Liberals block deportation of Pakistani charged with blockading airports, emergency vehicles
Liberals block deportation of Pakistani charged with blockading airports, emergency vehicles

A Pakistani national who has become a contentious figure in Canada’s environmental protest scene narrowly escaped deportation because of the Liberal government’s last-minute intervention. 

Zain Haq, who arrived in Canada in 2019 as an international student, quickly shifted his focus to leading protests with Extinction Rebellion and Save Old Growth—groups notorious for their extreme tactics which include blockades and confrontations with police.

The groups’ radical demands, such as an outright ban on fossil fuels and logging, have been met with criticism for their impracticality and disregard for Indigenous communities. 

Haq’s involvement has led to ten arrests and a mischief conviction, yet his deportation was stayed, raising eyebrows about possible political interference. Haq has personally participated in airport, highway and ferry terminal blockades. 

He received the mischief charge after a blockade of the Vancouver International Airport and organizing road protests that “interfered with emergency vehicles trying to access St. Paul’s Hospital.”

“Mr. Haq has shown disdain for the rule of law and he has publicly encouraged others to break the law while publicly celebrating his arrest,” the 2023 mischief decision reads.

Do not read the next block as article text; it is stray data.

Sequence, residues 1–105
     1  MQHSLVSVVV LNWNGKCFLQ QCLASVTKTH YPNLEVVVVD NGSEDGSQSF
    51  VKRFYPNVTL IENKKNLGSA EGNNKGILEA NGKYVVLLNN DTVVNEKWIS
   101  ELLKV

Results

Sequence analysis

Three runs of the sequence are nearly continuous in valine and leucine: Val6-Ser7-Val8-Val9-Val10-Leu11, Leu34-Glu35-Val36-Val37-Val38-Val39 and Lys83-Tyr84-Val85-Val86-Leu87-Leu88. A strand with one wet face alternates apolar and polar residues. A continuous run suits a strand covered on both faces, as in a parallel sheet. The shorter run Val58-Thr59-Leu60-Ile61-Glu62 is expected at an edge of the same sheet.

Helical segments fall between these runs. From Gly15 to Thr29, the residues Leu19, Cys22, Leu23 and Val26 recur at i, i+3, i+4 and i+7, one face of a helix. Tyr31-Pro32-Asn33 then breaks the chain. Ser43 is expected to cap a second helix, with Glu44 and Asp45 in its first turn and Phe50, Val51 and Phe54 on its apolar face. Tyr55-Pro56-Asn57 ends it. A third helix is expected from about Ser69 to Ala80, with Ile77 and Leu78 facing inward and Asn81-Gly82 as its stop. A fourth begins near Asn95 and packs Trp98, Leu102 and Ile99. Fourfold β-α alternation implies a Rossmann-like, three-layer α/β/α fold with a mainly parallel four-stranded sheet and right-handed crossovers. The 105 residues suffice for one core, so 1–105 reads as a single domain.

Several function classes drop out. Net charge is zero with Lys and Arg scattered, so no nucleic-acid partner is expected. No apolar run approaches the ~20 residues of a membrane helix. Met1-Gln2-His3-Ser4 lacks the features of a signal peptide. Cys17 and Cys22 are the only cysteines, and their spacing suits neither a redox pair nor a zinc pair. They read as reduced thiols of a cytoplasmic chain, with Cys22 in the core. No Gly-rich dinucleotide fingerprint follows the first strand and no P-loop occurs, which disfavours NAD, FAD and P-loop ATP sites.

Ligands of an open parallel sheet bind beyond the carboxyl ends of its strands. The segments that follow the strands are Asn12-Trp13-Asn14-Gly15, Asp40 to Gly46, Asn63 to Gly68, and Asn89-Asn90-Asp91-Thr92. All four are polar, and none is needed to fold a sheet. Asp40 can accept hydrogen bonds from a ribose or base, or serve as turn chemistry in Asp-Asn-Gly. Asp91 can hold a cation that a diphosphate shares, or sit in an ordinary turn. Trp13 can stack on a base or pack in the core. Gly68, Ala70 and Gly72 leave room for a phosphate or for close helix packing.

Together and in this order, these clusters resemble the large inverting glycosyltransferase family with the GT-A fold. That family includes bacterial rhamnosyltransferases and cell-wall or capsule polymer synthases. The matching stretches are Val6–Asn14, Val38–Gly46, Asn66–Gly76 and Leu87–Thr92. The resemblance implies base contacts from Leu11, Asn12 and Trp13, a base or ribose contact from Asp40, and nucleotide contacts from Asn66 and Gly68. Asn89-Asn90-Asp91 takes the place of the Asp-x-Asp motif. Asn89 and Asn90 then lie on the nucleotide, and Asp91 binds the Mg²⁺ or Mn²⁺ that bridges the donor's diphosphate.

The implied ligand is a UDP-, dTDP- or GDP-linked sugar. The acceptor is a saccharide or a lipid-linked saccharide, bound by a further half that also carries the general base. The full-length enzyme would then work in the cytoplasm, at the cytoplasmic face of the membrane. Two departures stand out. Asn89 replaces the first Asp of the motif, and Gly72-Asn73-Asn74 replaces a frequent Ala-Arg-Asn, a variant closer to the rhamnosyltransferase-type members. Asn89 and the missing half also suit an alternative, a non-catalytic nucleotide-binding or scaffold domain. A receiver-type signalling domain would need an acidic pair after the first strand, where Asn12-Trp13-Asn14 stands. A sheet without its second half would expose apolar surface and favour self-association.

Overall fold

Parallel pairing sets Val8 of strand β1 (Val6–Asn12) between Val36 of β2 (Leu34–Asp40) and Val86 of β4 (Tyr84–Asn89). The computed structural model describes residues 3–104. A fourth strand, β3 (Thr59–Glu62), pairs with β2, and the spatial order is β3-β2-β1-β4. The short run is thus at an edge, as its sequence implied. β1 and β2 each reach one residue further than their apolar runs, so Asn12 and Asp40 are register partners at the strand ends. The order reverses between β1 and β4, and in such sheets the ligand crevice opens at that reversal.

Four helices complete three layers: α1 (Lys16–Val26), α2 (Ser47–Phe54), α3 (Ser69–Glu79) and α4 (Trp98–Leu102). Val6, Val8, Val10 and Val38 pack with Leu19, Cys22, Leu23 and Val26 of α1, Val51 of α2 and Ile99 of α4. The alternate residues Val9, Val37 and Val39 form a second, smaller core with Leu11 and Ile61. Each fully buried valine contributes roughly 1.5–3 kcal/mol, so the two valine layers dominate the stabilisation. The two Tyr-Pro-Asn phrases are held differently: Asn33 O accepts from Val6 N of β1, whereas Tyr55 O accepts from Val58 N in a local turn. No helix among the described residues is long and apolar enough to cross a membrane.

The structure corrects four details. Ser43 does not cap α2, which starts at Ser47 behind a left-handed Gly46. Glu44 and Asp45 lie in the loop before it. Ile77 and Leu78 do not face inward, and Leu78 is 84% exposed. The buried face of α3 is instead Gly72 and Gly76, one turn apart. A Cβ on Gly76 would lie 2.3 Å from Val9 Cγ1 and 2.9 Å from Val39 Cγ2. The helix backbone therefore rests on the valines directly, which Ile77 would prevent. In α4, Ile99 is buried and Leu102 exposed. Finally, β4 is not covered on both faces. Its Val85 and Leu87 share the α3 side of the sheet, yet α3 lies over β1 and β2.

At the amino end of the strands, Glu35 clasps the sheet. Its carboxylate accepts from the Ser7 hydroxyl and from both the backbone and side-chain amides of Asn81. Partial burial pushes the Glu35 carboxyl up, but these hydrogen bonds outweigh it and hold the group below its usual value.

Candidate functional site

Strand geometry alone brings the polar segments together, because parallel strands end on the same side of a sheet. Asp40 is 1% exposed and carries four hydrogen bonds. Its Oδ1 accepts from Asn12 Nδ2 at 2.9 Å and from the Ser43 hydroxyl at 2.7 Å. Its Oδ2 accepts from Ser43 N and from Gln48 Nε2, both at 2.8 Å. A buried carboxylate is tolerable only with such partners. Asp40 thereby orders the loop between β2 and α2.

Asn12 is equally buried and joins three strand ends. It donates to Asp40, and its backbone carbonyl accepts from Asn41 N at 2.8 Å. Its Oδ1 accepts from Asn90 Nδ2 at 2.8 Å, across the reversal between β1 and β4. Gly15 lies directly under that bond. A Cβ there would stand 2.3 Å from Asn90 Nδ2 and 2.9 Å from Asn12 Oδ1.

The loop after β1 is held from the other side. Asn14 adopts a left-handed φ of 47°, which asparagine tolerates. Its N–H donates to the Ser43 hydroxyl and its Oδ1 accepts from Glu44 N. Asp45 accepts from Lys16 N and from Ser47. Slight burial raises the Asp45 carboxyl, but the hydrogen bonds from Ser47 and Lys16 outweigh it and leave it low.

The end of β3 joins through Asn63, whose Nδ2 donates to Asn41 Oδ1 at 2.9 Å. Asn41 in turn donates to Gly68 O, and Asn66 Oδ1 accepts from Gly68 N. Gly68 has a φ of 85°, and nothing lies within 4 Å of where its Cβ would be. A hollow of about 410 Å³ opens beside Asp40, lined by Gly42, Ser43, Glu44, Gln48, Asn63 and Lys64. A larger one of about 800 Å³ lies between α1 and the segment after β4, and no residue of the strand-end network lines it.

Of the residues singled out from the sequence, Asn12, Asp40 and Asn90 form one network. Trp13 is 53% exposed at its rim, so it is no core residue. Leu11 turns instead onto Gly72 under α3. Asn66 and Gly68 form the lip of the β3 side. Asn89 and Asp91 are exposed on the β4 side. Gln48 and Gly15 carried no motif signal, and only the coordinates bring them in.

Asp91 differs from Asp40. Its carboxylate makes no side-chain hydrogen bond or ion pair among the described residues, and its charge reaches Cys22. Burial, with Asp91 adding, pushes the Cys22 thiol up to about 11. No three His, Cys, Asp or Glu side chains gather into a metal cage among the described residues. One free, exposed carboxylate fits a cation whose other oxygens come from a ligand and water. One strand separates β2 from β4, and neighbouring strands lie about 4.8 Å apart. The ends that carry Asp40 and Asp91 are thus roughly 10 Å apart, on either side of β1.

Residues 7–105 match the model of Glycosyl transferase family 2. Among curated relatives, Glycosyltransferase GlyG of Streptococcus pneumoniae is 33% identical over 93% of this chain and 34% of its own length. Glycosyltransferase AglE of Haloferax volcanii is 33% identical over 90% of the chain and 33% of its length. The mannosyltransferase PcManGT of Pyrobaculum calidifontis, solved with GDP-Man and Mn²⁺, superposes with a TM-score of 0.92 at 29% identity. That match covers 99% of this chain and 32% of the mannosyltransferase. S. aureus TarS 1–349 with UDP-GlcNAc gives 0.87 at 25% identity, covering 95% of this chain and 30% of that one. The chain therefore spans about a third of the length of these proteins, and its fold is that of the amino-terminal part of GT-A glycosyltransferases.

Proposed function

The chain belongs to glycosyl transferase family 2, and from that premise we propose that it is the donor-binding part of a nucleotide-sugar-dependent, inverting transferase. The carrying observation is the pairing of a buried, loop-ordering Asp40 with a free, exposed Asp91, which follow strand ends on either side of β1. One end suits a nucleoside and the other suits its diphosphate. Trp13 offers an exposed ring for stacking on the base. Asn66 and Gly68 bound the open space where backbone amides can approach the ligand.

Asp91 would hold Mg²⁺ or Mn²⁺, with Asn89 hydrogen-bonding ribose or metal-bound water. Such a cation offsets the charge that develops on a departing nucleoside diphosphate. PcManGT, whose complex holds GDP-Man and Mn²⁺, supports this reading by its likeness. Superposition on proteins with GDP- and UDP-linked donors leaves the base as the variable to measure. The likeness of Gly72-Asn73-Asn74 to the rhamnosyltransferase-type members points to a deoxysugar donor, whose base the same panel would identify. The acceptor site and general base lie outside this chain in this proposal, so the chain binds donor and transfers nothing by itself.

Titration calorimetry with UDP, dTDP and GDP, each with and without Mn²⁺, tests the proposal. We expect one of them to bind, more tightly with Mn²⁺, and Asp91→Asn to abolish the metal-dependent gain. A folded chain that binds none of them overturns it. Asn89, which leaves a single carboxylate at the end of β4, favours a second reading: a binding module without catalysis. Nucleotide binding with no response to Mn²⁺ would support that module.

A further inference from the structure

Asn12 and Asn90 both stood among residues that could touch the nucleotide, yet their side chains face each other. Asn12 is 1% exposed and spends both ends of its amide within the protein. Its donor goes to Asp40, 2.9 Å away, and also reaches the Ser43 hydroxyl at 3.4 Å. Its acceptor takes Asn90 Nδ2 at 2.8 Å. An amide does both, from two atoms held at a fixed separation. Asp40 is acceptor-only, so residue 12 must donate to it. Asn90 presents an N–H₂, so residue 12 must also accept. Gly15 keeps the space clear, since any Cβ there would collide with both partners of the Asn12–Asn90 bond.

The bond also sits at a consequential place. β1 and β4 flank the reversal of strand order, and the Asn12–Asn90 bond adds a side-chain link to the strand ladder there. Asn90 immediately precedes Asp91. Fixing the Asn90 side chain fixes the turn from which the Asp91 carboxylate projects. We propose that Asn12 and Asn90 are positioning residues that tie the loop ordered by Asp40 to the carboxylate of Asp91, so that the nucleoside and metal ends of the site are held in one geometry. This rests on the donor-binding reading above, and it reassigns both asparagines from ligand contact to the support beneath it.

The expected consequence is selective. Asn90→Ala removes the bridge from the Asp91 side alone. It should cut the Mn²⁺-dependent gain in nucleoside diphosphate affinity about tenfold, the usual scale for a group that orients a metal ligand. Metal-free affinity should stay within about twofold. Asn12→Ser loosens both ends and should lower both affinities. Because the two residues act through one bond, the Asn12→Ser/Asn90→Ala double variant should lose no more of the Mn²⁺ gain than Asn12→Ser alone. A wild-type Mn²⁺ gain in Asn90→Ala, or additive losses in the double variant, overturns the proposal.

“All I heard is I’m not getting deported Sunday,” Haq said in an interview with Glacier Media. 

He was due to be deported Apr. 22 after an appeal was rejected by a federal court.

The halt to Haq’s removal came after a last-minute call from the office of Liberal MP Joyce Murray, who represents the riding of Vancouver Quadra. 

This has led to speculation about the Trudeau government’s high-level involvement in the case. 

Haq’s lawyer, Randall Cohn, suspects a federal cabinet member’s intervention, hinting at a concerning level of political sway in legal immigration matters. Cohn said that the Liberals were “listening and paying attention to the timing and decided to step in.”

Haq was being deported because he violated the terms of his study permit. While in Canada Haq has refused to seriously pursue his studies at Simon Fraser University due to his activism and admitted of foreign funding for his protests. 

The $170,000 he received from the California-based Climate Emergency Fund casts a shadow over the authenticity of his activism.

Haq will for now remain in Canada, thanks to the Liberal government and a permanent residence sponsorship by his wife Sophie Papp.

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